hen professional golfer Ben Crenshaw over player compensation. At a press contook the stage in the St. Edward’s ference the night before the final day of University Mabee Ballroom on April 19, play, his moving words (“I’m a big believit wasn’t to talk about his golf swing. er in fate. I have a good feeling about Surrounded by family, friends and well this”) served as a reminder to many about wishers, the affable Austinite accepted the the importance of faith, courage and leaduniversity’s highest honor — the 2000 ership. The eventual victory of the U.S. Mission Award. team was noted as one of the most stunDubbed “Gentle Ben” by the media, ning comebacks in Ryder Cup history; no Crenshaw was honored for his leadership team had ever rallied from more than a and service as a sportsman and a commutwo-point deficit on the final day. nity member. “I’ll probably spend the rest In addition to his professional accomof my life finding ways to quietly and plishments, Crenshaw has worked to help maybe gently help other people,” said local charities through the Annual Ben Crenshaw. “A lot of people chose to play Willie Darrell East Austin Youth Classic, golf as a form of recreation. But through which has raised more than $3 million for charitable efforts, golf has made a differprograms that benefit East Austin youth. ence in many people’s lives.” He is a supporter of the Seton Fund, Crenshaw has become an “I’ll probably spend the rest inspiration to fans and peers alike for his character and of my life finding ways to integrity as a sportsman. Since turning pro, Crenshaw has had quietly and maybe gently 19 PGA Tour victories. In 1991, he received the help other people,” Bob Jones Award, the highest —Ben Crenshaw honor the United States Golf Association bestows in recognition of disWest Austin Youth Association, the Junior tinguished sportsmanship in golf. In Helping Hand and St. Andrew’s 1999, Crenshaw served as captain of the Episcopal School. U.S. Ryder Cup Team. As the world Former University of Texas Football watched, Crenshaw’s sportsmanship and Coach Darrell Royal, a long-time family skills as a motivator were instrumental in friend who attended the ceremony, said of rallying the U.S. team, down 10-6, to a Crenshaw, “I’ve had the chance to watch 141/2 to 131/2 win on the final day of play. him grow up, and I have seen that Many sports commentators credit the through all these honors, Ben has stayed team’s performance to Crenshaw’s ability the same. St. Edward’s is to be congratuto bring a group of young individual playlated for selecting Ben Crenshaw for this ers together when it counted, despite disaward. You could not have made a better couraging performances and controversy choice.”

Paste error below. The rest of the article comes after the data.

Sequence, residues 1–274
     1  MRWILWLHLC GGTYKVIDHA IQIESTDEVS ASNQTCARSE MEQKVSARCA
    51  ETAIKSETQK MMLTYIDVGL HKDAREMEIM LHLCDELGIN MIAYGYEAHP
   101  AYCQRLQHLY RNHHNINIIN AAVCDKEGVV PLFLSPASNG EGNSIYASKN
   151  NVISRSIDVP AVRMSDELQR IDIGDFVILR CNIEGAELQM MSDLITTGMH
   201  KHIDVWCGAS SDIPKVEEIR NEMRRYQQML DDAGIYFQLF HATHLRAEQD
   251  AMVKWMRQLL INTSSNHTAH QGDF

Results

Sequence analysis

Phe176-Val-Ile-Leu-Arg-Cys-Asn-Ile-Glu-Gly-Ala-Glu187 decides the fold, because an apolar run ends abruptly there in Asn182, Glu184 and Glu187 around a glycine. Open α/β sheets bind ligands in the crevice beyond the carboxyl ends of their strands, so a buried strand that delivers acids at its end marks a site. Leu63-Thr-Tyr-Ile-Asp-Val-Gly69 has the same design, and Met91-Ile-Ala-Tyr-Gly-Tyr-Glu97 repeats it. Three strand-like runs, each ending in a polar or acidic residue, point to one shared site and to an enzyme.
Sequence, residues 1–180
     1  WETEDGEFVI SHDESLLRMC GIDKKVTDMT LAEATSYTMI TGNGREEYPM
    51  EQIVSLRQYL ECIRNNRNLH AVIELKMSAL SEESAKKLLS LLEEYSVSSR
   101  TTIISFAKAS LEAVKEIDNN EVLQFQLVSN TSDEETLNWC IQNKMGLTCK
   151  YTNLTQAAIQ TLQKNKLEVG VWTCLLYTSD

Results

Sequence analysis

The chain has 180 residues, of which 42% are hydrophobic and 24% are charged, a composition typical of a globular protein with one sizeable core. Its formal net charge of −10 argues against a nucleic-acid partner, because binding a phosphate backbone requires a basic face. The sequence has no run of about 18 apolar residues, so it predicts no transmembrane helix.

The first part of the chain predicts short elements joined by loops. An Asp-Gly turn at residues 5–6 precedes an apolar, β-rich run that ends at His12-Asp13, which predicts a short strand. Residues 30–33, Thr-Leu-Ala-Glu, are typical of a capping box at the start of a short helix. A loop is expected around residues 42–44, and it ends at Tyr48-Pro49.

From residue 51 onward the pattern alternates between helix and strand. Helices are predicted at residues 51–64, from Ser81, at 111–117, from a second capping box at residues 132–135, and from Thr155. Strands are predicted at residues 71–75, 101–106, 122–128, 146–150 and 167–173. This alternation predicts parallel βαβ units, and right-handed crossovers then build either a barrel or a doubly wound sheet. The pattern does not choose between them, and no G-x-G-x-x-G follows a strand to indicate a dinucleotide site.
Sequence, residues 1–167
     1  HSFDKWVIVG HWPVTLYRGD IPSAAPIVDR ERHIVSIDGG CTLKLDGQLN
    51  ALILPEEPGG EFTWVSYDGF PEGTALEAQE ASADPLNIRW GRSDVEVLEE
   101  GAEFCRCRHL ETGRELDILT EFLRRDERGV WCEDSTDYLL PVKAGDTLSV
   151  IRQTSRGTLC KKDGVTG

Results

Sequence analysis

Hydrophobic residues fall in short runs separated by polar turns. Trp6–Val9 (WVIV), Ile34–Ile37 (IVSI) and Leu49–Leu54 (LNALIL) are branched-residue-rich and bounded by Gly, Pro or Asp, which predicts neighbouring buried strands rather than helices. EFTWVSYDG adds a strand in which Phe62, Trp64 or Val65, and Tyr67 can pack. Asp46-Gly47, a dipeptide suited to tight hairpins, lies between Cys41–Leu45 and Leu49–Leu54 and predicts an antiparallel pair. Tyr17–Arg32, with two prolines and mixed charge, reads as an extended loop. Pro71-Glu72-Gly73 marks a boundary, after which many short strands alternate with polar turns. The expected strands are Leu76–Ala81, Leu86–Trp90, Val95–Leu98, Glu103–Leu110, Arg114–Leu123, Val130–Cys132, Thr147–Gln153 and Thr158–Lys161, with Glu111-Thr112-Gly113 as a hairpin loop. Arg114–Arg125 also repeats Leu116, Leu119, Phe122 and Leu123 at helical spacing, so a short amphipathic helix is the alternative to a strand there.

Golfer Ben Crenshaw speaks at the Mission Award ceremony as President George Martin looks on.
Crenshaw said that he has been influenced by a number of individuals within the golf world, including Ben Hogan, Bob Jones and Harvey Penick. “Through golf I have seen a lot of individuals do a lot of work for people,” said Crenshaw. “(The late Harvey Penick) was one of the greatest servers I’ve seen in this profession. I respect not only his devotedness as a mentor and a teacher, but also every day of his 70 years of being a professional. It all boils down to simple human kindness. He was willing to do whatever he thought was necessary to help other people enjoy the game of golf.” Crenshaw is the eighth individual to be honored with the Mission Award, which is given annually to individuals that embody the mission of St. Edward’s University. Crenshaw joined a distinguished list of former Mission Award recipients including Frank and Sue McBee (1999), Roger Staubach (1998), Tom Luce (1997), Barbara Bush (1996), John Sharp (1995) and J.J. “Jake” Pickle (1994). The Mission Award is sponsored by the St. Edward’s University Business Development Council, a group of business leaders who serve as ambassadors for the university. ■
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40s E. H. Corrigan, ’44, retired from a family business of U.S. Customs Brokers. He lives in Laredo and serves as a trustee for the Gladys Porter Zoo in Brownsville, McNay Art Museum in San Antonio, Santa Fe Opera in Santa Fe, N. M., Georgia O’Keeffe Museum in Santa Fe, N. M. and The Shakespeare Theatre in Washington, D. C.
50s Jack Snowdy, ’52, was honored for his outstanding contributions to the performing arts when the St. John Theatre presented “A Night to Remember: A Musical Tribute to Jack Snowdy,” on Jan. 22, the same day he celebrated his 73rd birthday. Snowdy lives in Reserve, La. Sam F. Parigi, ’54, retired from Lamar University in May, where he